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L. R. JONES and W. W. GILBERT

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C. Paton-Walsh, R. L. Mittermeier, W. Bell, H. Fast, N. B. Jones, and A. Meier

Abstract

The authors report the results of an intercomparison of vertical column amounts of hydrogen chloride (HCl), hydrogen fluoride (HF), nitrous oxide (N2O), nitric acid (HNO3), methane (CH4), ozone (O3), carbon dioxide (CO2), and nitrogen (N2) derived from the spectra recorded by two ground-based Fourier transform infrared (FTIR) spectrometers operated side-by-side using the sun as a source. The procedure used to record spectra and derive vertical column amounts follows the format of previous instrument intercomparisons organized by the Network for the Detection of Atmospheric Composition Change (NDACC), formerly known as the Network for Detection of Stratospheric Change (NDSC).

For most gases the differences were typically around 3%, and in about half of the results the error bars given by the standard deviation of the measurements from each instrument did not overlap. The worst level of agreement was for HF where differences of over 5% were typical. The level of agreement achieved during this intercomparison is a little worse than that achieved in previous intercomparisons between ground-based FTIR spectrometers.

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K. L. Davidson, C. W. Fairall, P. Jones Boyle, and G. E. Schacher

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An evaluation of the ability of an integrated (slab) marine atmospheric boundary-layer (MABL) model to predict changes in the inversion and mixed-layer temperature and humidity using data from the Los Angeles-San Diego Basin is described. The model microphysics and initialization methods are evaluated separately. The Stage and Businger stratocumulus entrainment closure formulation is used. Standard radiative flux approximations (e.g., delta-Eddington) are employed with up-to-date cloud microphysical parameterizations. The assumption of well-mixed properties is relaxed to permit a constant vertical gradient that is a function of the surface flux and the entrainment rate. Initialization of the subsidence rate receives considerable attention and is analyzed using data from suitably spaced multiple stations and from a single station. Two cases, a cloud covered and a clear sky period, are examined. In both cases the island and shoreline data are from regularly reporting locations and from a research ship which moved around the region. In one case an instrumented aircraft also provided vertical temperature profiles.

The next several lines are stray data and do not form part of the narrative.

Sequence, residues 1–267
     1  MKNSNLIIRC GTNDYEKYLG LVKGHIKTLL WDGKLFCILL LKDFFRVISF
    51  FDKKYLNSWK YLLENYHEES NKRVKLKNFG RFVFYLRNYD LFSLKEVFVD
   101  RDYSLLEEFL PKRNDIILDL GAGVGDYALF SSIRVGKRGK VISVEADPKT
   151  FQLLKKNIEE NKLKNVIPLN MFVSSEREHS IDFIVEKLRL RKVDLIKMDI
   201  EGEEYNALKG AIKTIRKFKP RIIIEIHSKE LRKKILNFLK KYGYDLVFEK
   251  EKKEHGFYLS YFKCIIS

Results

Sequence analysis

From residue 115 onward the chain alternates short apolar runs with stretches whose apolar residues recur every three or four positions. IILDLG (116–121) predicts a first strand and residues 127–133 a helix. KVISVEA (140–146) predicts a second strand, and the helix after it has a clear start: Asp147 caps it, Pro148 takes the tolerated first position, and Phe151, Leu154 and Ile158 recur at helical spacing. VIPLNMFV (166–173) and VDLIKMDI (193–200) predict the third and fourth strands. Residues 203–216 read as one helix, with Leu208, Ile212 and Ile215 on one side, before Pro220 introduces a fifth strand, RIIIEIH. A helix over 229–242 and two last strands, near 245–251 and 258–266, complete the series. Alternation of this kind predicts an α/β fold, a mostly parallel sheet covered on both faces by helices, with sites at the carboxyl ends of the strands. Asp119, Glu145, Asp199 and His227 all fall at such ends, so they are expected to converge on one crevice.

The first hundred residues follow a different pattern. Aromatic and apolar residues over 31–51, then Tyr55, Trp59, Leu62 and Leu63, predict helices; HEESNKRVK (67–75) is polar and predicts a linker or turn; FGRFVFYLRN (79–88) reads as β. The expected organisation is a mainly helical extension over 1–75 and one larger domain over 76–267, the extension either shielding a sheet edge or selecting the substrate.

Evaluation of the prediction for the cloudy sky case concentrates on the model physics. In this case, the external forcing (subsidence, surface wind and sea-surface temperature) is based on observations during the prediction period and updated every 6 h. Comparison of observations and model results illustrates the important role of both long- and shortwave radiation, and the validity of the Stage and Businger entrainment closure. The agreement is quite good for mixed-layer parameters, mixed-layer depth and the cloud base.

Evaluation of the prediction for the clear sky case emphasizes the initialization problem. Entrainment and radiative flux divergences are roughly an order of magnitude smaller in the cloud-free situation. External forcing for this case is based on data available prior to the prediction (versus updates during the prediction). Since subsidence was large during the period, the initialization was well-tested. A period when the subsidence rate was well-established from radar and acoustic remote sensing showed excellent agreement between observed and predicted values for more than 18 h of a 24 h forecast. Results during a period when subsidence was based on single-station-derived information showed reasonable agreement only during the first 12 h of a 24 h forecast. The influence of very near coastline effects is evident in the comparison of mixed-layer temperatures and humidities at the land stations.

It is concluded that existing integrated mixed-layer predictive models can, with caution, be applied to coastal prediction problems on the basis of multiple- or single-station data. Specification of the subsidence and the effects of near-coastal circulations are critical.

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Syewoon Hwang, Wendy Graham, José L. Hernández, Chris Martinez, James W. Jones, and Alison Adams